Development issue dominates candidates forum

October 09, 1994|By Erik Nelson | Erik Nelson,Sun Staff Writer

How fast and how much the county should be developed was the question that divided Republican County Executive Charles I. Ecker and his challenger, Democrat Susan Gray, in a televised candidates forum yesterday at Howard Community College.

Ms. Gray, an activist attorney who has made a name for herself in various development and highway battles, accused the incumbent of running an administration that has encouraged rampant growth while misleading the public about its cost.

Mr. Ecker charged that if his opponent were to be elected, business would take flight, leaving county homeowners with a larger share of the county's bills to pay.

Each candidate said the other would have to raise taxes. Both promised to avoid tax increases, but stopped short of guaranteeing the present property tax and piggy-back income tax rates.

Questions submitted by the sparse audience in the Smith Theater included a couple of darts aimed at the candidates' perceived weak spots.

For Ms. Gray, derided as elitist by elected officials in both political parties, there was the question asserting that "slow growth and exclusionary zoning are equated with being anti-black."

Neither Ms. Gray nor Mr. Ecker agreed with that assertion. Mr. Ecker said Ms. Gray's stand on growth would hurt many groups, including poor people, regardless of race. Ms. Gray called the issue a "red herring" and said her policies would build on the county's existing cultural and economic diversity.

Mr. Ecker was asked if he supported a county charter change on the ballot that would allow county residents to petition comprehensive zoning and the county's 20-year land-use plan to referendum. Ms. Gray wrote the ballot question, which even its opponents believe has a good chance of being approved by voters Nov. 8.

Mr. Ecker said he was neutral on the issue and favored reforming the zoning process during next year's charter review process.

The executive forum was followed by a panel of the 10 nominees tTC for five County Council seats.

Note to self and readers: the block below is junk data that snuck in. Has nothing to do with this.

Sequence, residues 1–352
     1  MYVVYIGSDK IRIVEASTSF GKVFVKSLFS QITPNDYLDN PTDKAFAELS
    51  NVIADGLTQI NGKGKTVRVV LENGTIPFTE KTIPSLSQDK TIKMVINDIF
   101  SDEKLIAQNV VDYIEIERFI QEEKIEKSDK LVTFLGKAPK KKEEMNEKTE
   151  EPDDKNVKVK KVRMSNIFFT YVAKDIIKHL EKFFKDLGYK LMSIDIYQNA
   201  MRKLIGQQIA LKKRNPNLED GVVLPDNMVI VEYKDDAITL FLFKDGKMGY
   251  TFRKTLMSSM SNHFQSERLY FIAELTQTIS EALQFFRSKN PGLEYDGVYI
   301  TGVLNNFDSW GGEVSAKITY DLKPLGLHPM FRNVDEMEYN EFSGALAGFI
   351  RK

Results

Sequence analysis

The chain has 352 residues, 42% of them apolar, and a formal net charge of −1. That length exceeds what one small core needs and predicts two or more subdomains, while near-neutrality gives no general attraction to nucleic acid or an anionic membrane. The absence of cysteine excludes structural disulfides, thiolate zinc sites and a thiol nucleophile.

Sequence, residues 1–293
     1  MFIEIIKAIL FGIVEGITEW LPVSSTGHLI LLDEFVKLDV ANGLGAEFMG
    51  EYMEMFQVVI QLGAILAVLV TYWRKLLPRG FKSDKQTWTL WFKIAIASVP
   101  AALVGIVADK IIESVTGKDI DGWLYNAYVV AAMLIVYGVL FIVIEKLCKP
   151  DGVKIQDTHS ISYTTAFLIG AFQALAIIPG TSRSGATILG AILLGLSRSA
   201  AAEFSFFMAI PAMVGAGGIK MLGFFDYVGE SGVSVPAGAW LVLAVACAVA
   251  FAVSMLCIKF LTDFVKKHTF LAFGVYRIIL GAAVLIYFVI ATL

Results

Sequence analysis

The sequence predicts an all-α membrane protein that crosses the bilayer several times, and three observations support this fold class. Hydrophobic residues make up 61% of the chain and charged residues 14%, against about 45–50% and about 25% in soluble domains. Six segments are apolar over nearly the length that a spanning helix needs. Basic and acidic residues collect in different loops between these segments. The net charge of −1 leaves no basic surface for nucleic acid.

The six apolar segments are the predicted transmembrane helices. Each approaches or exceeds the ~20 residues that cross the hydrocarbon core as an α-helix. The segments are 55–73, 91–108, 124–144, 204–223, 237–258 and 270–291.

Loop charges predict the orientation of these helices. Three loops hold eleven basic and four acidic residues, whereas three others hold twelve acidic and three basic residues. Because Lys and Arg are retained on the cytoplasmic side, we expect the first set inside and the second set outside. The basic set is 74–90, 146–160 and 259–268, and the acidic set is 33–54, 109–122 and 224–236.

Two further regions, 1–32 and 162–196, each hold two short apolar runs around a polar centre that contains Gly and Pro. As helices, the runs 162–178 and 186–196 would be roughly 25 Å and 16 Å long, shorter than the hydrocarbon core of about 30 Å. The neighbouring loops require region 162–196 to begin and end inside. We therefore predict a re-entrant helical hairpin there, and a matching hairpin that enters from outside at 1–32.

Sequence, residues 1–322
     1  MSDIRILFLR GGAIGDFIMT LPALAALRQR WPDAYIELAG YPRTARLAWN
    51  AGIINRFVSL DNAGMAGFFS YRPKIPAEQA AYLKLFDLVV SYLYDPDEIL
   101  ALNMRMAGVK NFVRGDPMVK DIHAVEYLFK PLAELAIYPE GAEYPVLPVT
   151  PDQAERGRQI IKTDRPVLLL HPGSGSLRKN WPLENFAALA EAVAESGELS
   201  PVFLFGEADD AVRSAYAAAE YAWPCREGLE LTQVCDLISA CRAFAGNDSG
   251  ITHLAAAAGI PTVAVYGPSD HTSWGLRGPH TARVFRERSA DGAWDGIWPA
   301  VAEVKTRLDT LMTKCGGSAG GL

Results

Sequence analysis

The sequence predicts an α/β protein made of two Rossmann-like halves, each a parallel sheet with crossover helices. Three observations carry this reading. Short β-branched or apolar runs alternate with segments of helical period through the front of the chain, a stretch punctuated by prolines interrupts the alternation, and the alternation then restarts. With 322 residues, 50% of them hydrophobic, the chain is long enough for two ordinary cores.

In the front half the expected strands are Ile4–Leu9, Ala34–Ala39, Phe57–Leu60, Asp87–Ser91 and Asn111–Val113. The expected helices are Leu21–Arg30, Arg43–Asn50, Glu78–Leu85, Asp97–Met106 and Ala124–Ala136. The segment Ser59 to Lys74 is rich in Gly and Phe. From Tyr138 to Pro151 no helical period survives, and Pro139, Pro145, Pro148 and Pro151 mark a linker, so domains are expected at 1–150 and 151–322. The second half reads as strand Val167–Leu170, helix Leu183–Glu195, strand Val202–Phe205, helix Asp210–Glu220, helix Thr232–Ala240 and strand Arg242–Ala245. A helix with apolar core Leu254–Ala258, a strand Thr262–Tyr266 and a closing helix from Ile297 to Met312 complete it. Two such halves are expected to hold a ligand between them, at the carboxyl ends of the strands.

Most candidates agreed that the county should use a regional approach to manage its waste recycling and disposal and that the county's zoning process should be reformed.

A few candidates disagreed on how those two subjects would be approached, however.

Charles C. Feaga, an incumbent Republican representing west county, was the only candidate to give an unqualified endorsement to incineration as a way of disposing of trash that can't be recycled.

He said west county landfills have had to take most of the county's trash, and local ground water supplies have suffered for it.

His Democratic foe, John W. Taylor, equivocated on incineration as an option, but was one of the few candidates to embrace the zoning referendum.

"It always scares me when elected officials tell the people, stay out of it, we'll decide this on our own," Mr. Taylor said.

The forum, which concluded with an afternoon session for state legislative candidates, began with the four school board candidates.

Most candidates said they opposed year-round schooling.

One candidate, Jamie Kendrick, chided school board members for ignoring a spring survey that showed 60 percent of parents were against the idea.

Former board member Karen Campbell said she had not been "unequivocally against" the idea because she believes "it's only fair to look at the possibilities."

While Delroy Cornick said he felt "year-round" was a misnomer and the scheme was too complicated, Stephen Bounds leveled the harshest criticism of the idea.

He said he had studied year-round schooling in other school systems around the nation and found that more were abandoning the idea than taking it up.

"This is a sinking ship, and it's not time for us to jump on it," Mr. Bounds said.

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